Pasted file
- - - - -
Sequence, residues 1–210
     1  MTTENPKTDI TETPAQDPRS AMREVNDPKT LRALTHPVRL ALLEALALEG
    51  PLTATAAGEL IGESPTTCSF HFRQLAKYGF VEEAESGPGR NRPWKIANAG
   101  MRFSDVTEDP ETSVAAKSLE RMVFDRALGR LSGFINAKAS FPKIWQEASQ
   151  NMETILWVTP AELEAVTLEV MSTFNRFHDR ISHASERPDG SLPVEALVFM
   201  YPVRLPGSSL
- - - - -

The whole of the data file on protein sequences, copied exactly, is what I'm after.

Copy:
Sequence, residues 1–210
     1  MTTENPKTDI TETPAQDPRS AMREVNDPKT LRALTHPVRL ALLEALALEG
    51  PLTATAAGEL IGESPTTCSF HFRQLAKYGF VEEAESGPGR NRPWKIANAG
   101  MRFSDVTEDP ETSVAAKSLE RMVFDRALGR LSGFINAKAS FPKIWQEASQ
   151  NMETILWVTP AELEAVTLEV MSTFNRFHDR ISHASERPDG SLPVEALVFM
   201  YPVRLPGSSL